What is the Difference Between Medicaid and Medi-Cal in California?

One of the most important aspects of estate planning is creating a plan for long-term care in a nursing home. The majority of elderly California residents will need to live in some type of assisted care facility at some point. Unfortunately, the cost of assisted living and nursing homes continues to increase. Many California families are unable to pay for the high cost of nursing home care. The average monthly cost of living in a nursing home in California is $9,247.  

One of the best ways to plan for nursing home care is to qualify for California’s Medicaid program, which will pay for long-term care in a nursing home. Understanding the Medicaid process and consulting with an attorney is crucial for long-term care planning. When planning for Medicaid coverage, you may be confused about the differences between Medicaid and Medi-Cal. We will explain the differences and discuss which type of benefits you may need.


Is Medi-Cal the Same as Medicaid?

Yes, Medi-Cal is the name for California’s Medicaid benefits program. Medicaid is a federal program administered by the federal government, but the federal government works with each state to offer low-cost health coverage to residents. California’s Medicaid program is known as Medi-Cal. Medi-Cal offers qualifying California residents 21 different managed care plans and the coverage plans available are based on the county in which you live. The state-based Medicaid marketplace is “Covered California.”


The Difference Between Medi-Cal and Medicare

One of the critical differences between Medicaid and Medicare is that Medicaid is only available to low-income people. It is a needs-based program that offers health care assistance to low-income California residents. In most cases, people who qualify for Medicaid are only required to pay a small co-payment to cover their medical expenses. California’s Medicaid Program, Medi-Fal, is run by the state of California and local governments. 

The federal government runs Medicare. Additionally, the eligibility requirements and benefits available are different from state to state with Medicaid because they help administer the program.  Medicare, on the other hand, is administered by the federal government, and recipients are only required to pay a portion of their medical expenses through deductibles. There may be a small monthly premium for non-hospital coverage.


Types of Medicare Coverage

There are two types of Medicare coverage — Part A and Part B. Part A is an insurance plan for receiving care in skilled nursing facilities, hospitals, hospice care, and home health care. Medicare Part B is more similar to a basic health insurance plan. It covers doctor’s visits, hospital care on an outpatient basis, and other types of medical services. Most recipients are not required to pay for Medicare part A.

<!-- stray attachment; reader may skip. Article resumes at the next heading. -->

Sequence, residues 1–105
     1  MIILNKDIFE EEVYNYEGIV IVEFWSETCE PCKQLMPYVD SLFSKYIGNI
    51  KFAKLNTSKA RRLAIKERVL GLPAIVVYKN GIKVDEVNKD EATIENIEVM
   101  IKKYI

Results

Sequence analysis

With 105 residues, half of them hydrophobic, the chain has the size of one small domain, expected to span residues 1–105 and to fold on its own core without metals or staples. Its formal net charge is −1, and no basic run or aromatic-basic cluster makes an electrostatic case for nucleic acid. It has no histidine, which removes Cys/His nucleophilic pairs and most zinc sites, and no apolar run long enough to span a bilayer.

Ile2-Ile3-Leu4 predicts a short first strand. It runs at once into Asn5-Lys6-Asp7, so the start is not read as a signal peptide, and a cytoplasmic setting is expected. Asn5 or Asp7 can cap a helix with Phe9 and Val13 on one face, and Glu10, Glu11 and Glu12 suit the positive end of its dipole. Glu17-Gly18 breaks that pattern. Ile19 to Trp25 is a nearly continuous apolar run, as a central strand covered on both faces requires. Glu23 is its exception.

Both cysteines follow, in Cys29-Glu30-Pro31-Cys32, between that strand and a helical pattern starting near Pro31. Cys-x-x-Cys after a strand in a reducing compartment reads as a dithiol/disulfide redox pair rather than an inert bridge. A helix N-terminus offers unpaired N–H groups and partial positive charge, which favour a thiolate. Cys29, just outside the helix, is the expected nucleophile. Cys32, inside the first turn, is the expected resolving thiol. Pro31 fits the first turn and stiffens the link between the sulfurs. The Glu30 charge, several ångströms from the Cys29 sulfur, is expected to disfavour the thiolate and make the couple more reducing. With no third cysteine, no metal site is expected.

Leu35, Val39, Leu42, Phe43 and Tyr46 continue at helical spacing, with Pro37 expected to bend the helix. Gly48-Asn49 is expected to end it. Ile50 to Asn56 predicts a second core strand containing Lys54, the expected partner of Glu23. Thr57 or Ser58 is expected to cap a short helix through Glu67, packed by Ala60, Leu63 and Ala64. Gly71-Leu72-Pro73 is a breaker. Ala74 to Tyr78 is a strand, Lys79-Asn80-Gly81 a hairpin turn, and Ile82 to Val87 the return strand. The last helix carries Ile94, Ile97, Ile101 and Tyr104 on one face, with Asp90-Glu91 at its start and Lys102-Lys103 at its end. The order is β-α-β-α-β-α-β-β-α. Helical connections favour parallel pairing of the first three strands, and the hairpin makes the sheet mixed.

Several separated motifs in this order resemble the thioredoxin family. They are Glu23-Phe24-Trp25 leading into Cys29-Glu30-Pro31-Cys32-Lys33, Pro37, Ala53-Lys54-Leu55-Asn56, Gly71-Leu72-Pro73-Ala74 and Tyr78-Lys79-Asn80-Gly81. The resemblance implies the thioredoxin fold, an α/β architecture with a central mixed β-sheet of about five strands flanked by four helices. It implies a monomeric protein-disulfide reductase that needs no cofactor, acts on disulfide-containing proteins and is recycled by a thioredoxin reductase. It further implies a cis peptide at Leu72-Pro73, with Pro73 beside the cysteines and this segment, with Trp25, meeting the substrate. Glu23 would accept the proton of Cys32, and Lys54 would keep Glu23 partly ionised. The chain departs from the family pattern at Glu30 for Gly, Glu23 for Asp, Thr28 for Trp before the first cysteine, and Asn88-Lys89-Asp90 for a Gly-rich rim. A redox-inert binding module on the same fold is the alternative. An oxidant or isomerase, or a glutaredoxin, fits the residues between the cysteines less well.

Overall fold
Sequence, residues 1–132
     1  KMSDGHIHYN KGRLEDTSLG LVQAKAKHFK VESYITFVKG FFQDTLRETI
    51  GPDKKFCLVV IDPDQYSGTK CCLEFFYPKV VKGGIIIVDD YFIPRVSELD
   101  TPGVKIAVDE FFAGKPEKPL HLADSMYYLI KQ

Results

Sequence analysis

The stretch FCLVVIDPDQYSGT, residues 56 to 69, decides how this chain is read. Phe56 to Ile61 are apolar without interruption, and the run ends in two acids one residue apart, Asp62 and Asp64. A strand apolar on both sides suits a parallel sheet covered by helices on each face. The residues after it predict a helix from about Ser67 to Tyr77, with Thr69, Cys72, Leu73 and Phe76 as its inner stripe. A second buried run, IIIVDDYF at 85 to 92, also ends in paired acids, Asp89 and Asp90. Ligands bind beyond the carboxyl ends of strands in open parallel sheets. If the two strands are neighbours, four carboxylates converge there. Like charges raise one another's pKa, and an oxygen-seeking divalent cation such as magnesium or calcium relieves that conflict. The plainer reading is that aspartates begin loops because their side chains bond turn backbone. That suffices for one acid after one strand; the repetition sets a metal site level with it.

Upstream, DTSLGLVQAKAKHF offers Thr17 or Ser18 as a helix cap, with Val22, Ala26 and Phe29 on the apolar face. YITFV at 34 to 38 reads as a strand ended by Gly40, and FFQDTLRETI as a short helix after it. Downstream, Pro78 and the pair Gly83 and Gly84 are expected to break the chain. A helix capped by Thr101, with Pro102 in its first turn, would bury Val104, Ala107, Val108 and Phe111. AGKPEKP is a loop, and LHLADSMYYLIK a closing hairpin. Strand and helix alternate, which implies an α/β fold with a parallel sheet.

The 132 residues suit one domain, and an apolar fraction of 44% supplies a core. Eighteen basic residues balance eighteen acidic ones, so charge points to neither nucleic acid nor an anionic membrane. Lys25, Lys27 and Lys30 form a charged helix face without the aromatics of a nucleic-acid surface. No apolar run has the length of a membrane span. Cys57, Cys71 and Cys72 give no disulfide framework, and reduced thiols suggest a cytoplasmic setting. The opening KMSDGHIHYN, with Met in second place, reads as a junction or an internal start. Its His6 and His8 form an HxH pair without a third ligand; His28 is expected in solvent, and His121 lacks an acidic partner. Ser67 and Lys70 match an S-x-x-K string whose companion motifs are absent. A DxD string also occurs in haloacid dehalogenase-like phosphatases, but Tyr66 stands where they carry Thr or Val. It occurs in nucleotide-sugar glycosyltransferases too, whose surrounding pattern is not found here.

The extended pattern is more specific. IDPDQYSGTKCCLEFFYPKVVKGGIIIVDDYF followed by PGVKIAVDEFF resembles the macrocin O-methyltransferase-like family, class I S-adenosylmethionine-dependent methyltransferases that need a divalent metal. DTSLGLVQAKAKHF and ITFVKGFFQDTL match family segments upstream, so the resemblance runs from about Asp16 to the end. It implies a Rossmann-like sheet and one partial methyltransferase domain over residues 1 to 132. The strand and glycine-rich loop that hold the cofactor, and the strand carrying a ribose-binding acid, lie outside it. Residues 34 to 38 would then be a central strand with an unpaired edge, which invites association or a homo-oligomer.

Who is Eligible for Medicare?

To qualify for Medicare, an individual must be 65 or older, a US citizen, or a permanent resident. Additionally, the person applying for Medicare or his or her spouse must have worked for at least 10 years in a Medicare-covered job. Individuals under the age of 65 with a disability or end-stage renal disease requiring a kidney transplant or dialysis may also qualify for Medicare. Keep in mind that Medicare typically does not cover stays in long-term health facilities such as nursing homes.


Do You Have a Long-Term Care Plan in Place?

It is never too late to begin planning for the future. Most of us who live to old age will need to live in a long-term care facility at some point. Planning for long-term care is the best option. Qualifying for Medicaid is not easy. You will need to prove that you have a meager income and very few assets to qualify.  You cannot have any financial resources over $2,000 to be eligible for Medi-Cal.


The Five-Year Lookback Period

Some people assume that when they need to go into a nursing home, they will be able to give their assets away and qualify for Medicaid. That is not the case, however. Medicaid has a five-year look-back period that helps them avoid giving benefits to people who make fraudulent transfers of their property to qualify for Medicaid. In 2005, Congress passed a federal law that imposes five years of ineligibility for people who transfer assets before qualifying for Medi-Cal. The look-back period begins as soon as you submit your application for Medi-Cal benefits.

In other words, if you give your assets away within five years of applying for Medicaid, they will hold those transfers against you. The timing of your financial transaction is crucial, and the sooner you begin planning for long-term care benefits, the better. Nonetheless, even if you find yourself in an emergency and need to apply for Medi-Cal benefits right away, our experienced estate planning lawyers can still help you protect yourself.

Keep in mind that this five-year look-back period does not apply to everyone who is applying for Medi-Cal. The five-year penalty is only applicable to those who need long-term care in an institutional setting, such as a nursing home, or who receive home health care. If you need hospital care or physician services, you will remain eligible to receive benefits for those services, regardless of any property transfers you have made recently.

Law Offices of Daniel A. Hunt

The Law Offices of Daniel A. Hunt is a California law firm specializing in Estate Planning; Trust Administration & Litigation; Probate; and Conservatorships. We've helped over 10,000 clients find peace of mind. We serve clients throughout the greater Sacramento region and the state of California.